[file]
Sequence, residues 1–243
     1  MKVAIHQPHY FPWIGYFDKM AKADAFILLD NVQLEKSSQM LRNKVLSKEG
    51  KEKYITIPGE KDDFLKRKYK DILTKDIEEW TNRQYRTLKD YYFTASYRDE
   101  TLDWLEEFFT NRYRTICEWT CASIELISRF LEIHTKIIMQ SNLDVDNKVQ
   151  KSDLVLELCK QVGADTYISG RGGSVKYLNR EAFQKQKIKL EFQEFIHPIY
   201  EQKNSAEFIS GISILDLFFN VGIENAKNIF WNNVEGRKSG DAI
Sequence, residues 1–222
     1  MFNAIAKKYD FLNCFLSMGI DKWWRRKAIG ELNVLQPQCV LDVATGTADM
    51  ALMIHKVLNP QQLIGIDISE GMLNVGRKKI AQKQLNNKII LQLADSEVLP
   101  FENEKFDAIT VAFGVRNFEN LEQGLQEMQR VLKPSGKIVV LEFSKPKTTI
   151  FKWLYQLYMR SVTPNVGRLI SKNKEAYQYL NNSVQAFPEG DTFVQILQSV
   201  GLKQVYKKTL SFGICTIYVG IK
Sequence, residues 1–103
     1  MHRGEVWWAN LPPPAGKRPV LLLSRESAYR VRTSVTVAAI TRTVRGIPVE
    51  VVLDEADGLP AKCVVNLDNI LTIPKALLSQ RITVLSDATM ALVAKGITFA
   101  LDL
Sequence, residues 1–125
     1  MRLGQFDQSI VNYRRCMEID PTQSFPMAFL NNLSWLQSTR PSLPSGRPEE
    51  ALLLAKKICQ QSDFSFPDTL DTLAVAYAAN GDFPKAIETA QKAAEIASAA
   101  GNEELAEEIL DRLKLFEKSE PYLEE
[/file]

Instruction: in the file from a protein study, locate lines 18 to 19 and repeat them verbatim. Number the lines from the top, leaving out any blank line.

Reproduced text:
     1  MRLGQFDQSI VNYRRCMEID PTQSFPMAFL NNLSWLQSTR PSLPSGRPEE
    51  ALLLAKKICQ QSDFSFPDTL DTLAVAYAAN GDFPKAIETA QKAAEIASAA